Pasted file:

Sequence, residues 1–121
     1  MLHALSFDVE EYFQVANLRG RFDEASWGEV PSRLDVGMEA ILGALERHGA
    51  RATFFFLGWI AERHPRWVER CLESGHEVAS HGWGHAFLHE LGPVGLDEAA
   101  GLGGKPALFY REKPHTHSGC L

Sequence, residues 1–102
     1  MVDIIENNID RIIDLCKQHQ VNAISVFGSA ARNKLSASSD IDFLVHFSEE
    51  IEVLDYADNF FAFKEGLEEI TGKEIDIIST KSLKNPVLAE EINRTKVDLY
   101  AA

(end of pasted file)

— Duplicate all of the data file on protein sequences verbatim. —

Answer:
Sequence, residues 1–121
     1  MLHALSFDVE EYFQVANLRG RFDEASWGEV PSRLDVGMEA ILGALERHGA
    51  RATFFFLGWI AERHPRWVER CLESGHEVAS HGWGHAFLHE LGPVGLDEAA
   101  GLGGKPALFY REKPHTHSGC L

Sequence, residues 1–102
     1  MVDIIENNID RIIDLCKQHQ VNAISVFGSA ARNKLSASSD IDFLVHFSEE
    51  IEVLDYADNF FAFKEGLEEI TGKEIDIIST KSLKNPVLAE EINRTKVDLY
   101  AA